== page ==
November typically conjures up images of family gatherings, meal sharing, and helping your neighbors. However, as we enter the ninth month of a global pandemic, many of our traditional holiday events are going to look much different.
With the Centers for Disease Control issuing precautions for hosting holiday gatherings this year, we're using this month's History of Austin to uncover some of the city's longest running nonprofits — and finding four fun ways to give back during this unusual holiday season.
Meals on Wheels of Central Texas
Although the agency name has changed through the decades, the fundamental mission remains the same: nourishing seniors and disabled individuals in Central Texas, while offering an variety of free specialized programs to help enrich lives.
The agency was started in 1972 with a small dedicated group of volunteers. During its near five decades, Meals on Wheels has prepared over half a million meals for homebound individuals and local senior centers. Other programs offered include minor home maintenance and repair, case management, technology classes, and respite time for caregivers while their loved ones attend social and educational classes.
Unlike past years, Meals on Wheels volunteers won't be serving meals on Thanksgiving Day. Instead, they will deliver frozen holiday meals on a regular delivery day, Friday, November 20. Learn how to volunteer or donate here.
Feeding Texas & Central Texas Food Bank
Feeding Texas is a statewide consortium made up of 21 food banks in the state. The organization supplies food to over four million Texans, and includes the Central Texas Food Bank, which serves 21 counties across the region. CTFB, located at 6500 Metropolis Dr. in Southeast Austin, opened in 1982 as a part of a national network of food banks that swept the country beginning in the late 1970s.
The concept of food banks was begun by community activist John van Hengel (known as "The Father of Food Banking"), who lived in Phoenix, Arizona. He encountered a woman whose husband was on death row and found herself the sole caregiver of 10 children. She confessed that although she had no problem finding discarded food for her family, it was storing the food was the real problem.
Food banks help eliminate food waste by storing food and produce in warehouse facilities. An estimated 72 billion pounds of food is wasted in the U.S. annually, according to Feeding America. They also estimate that 54 million Americans are coping with hunger. And these numbers have skyrocketed during the current pandemic. In fact, CTFB reports a 220 percent increase of first-time clients since the pandemic began. Statistics show that in Central Texas, one in five adults and one in nearly three children are at risk of hunger (the national average is slightly higher).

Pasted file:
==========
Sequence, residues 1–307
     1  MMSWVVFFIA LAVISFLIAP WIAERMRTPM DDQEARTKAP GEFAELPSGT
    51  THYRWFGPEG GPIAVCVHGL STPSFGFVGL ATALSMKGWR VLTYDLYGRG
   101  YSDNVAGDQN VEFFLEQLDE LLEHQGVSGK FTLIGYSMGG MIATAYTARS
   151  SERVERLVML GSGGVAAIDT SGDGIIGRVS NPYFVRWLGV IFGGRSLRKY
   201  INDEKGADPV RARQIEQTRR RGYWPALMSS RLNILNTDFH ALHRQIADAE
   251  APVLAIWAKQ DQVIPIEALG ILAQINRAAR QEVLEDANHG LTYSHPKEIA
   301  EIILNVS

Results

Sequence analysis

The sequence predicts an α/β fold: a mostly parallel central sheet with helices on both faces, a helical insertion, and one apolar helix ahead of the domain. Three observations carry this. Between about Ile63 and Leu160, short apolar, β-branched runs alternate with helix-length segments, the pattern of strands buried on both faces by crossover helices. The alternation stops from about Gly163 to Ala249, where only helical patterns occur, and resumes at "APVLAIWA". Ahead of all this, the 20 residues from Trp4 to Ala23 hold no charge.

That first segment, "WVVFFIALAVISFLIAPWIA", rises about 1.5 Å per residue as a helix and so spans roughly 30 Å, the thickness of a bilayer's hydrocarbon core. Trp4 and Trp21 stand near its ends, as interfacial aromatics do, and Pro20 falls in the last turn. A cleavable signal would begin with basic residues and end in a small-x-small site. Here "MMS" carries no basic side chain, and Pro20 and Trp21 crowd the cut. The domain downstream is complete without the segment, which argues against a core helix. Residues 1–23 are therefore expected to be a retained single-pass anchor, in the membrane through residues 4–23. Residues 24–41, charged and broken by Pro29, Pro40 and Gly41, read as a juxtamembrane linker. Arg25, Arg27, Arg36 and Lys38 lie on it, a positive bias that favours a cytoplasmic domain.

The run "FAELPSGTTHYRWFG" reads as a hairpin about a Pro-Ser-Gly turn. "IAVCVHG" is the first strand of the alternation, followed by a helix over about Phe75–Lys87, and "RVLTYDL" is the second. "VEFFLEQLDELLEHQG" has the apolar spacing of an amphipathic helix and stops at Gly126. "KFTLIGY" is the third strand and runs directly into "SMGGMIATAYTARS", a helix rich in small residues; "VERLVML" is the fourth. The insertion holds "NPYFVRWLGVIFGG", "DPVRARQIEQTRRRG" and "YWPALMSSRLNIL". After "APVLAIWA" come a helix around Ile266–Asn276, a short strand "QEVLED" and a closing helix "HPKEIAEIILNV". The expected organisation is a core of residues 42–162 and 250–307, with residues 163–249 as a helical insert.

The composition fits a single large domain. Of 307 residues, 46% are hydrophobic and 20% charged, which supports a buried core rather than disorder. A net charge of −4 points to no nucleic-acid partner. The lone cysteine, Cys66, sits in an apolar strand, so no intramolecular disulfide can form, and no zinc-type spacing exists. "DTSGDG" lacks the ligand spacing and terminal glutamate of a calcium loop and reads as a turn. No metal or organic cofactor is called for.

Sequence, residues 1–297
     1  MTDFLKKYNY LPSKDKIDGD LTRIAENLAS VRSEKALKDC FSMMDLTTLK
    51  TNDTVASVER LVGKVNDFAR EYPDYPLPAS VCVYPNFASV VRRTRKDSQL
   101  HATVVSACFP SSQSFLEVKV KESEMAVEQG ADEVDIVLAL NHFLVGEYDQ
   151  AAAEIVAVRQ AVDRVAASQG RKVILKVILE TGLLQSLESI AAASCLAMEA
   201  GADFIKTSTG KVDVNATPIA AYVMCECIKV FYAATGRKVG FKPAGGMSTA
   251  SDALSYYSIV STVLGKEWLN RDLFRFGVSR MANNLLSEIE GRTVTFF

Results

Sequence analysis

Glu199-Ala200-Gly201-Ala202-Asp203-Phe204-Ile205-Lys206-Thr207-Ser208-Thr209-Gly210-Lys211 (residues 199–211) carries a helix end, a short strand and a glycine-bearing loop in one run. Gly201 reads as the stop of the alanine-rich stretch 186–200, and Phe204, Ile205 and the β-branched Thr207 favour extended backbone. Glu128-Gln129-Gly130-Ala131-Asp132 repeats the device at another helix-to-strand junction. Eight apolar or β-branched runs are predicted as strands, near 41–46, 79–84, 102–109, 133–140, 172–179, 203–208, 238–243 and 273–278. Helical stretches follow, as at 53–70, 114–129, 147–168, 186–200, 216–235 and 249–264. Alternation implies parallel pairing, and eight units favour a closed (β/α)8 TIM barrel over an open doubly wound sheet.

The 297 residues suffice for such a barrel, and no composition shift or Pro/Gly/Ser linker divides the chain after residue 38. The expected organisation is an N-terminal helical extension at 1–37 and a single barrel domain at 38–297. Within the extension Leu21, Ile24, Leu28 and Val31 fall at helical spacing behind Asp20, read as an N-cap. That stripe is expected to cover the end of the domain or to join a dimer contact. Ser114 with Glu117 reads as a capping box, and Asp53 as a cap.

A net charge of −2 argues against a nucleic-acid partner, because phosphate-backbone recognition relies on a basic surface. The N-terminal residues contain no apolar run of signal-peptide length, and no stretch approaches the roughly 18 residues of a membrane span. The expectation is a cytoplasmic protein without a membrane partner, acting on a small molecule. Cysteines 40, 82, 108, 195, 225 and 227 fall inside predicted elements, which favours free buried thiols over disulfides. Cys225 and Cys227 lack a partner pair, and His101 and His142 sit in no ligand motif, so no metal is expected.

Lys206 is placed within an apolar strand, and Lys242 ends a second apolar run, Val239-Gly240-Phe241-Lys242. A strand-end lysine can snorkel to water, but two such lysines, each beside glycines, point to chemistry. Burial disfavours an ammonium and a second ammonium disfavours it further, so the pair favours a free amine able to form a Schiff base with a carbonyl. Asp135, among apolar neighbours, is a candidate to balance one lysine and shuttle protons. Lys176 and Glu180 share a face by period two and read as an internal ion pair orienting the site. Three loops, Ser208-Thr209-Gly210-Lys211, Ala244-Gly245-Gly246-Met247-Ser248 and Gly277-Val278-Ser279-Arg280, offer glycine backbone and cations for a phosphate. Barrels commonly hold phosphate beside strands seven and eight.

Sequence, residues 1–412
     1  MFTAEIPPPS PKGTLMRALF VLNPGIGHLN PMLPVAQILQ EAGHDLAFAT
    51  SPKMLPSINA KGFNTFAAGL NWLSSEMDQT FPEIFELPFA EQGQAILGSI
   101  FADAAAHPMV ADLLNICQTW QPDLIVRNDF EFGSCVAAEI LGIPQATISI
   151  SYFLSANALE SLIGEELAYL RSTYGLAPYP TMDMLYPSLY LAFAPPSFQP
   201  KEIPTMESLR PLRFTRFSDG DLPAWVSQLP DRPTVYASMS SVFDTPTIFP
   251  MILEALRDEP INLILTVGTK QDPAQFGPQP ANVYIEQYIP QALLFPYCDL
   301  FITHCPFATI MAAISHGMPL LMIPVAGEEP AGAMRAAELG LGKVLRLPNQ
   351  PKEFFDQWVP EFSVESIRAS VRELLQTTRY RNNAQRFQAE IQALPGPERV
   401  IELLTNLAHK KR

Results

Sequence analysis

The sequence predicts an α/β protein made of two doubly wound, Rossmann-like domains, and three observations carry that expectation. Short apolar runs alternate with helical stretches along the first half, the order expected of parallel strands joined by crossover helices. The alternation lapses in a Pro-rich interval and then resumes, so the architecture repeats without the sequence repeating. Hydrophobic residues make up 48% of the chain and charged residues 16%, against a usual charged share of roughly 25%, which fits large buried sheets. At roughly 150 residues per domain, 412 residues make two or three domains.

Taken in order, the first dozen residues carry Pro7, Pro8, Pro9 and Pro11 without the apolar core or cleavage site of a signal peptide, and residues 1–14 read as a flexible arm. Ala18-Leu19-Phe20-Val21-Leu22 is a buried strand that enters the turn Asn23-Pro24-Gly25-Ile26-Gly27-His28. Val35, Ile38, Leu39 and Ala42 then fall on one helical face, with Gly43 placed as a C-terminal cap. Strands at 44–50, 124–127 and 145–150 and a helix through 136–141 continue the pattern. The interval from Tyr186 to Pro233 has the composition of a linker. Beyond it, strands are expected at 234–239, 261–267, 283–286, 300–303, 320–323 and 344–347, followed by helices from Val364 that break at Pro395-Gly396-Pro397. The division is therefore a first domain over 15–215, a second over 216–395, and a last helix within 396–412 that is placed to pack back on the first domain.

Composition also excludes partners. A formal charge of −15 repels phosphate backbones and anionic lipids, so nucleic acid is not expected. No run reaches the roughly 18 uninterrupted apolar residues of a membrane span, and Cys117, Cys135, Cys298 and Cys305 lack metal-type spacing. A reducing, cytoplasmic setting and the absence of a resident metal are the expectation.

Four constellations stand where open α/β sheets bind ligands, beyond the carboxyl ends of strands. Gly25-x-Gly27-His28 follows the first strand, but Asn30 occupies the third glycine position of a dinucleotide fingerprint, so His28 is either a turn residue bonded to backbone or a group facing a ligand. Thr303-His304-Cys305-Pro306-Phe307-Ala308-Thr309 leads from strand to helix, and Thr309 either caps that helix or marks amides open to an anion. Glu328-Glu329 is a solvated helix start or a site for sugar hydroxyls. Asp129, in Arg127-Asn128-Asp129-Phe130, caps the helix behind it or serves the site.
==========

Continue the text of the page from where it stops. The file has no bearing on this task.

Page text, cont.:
In Austin, CTFB has hosted 50 food drives since early March. In August, they distributed over 6.6 million pounds only to shatter that record just a month later in September. Volunteers are currently needed to help safely distribute food during local mobile pantries, which have transitioned into drive-thrus during the pandemic. For those who feel more comfortable donating money, note that your donation will be matched during Thanksgiving.
H-E-B Feast of Sharing
H-E-B's humble beginning began in 1905 when the Butt family opened a small store in Kerrville. More than 100 years later, H-E-B now owns 340 stores serving the state of Texas and Mexico. Along with grocery stores, H-E-B also sponsors numerous community events, including the Feast of Sharing, traditionally held in-person at places like Austin's Long Center.
This year, the celebration will be different. Beginning November through December, H-E-B is scrapping the in-person event and committing more than 340,000 meals to hunger relief organizations and food banks in Texas and Mexico. To help find out how to help in your community, go to Feeding Texas for volunteer opportunities. And don't fret it you're a Feast of Sharing fan — H-E-B said the event will return in 2021.
Thundercloud Subs Turkey Trot
ThunderCloud Subs rolled out its first location in 1975 as a fast-food sub sandwich shop staffed with laid-back employees offering fresh food at a reasonable price. Today, there are over 30 locations in the Central Texas area and although ThunderCloud Subs has expanded in number, their commitment to the community has not wavered.
Turkey Trot was started by the sub shop 30 years ago and the annual Thanksgiving run has raised $4.2 million for Caritas, a local nonprofit that was created in 1964 with a mission of eradicating local homelessness through agency support.
Like other November events, the 2020 Turkey Trot will proceed virtually, allowing participants to walk or run solo, or with your family and friends on Thanksgiving Day. Register for the race, purchase raffle tickets, and learn how to volunteer here.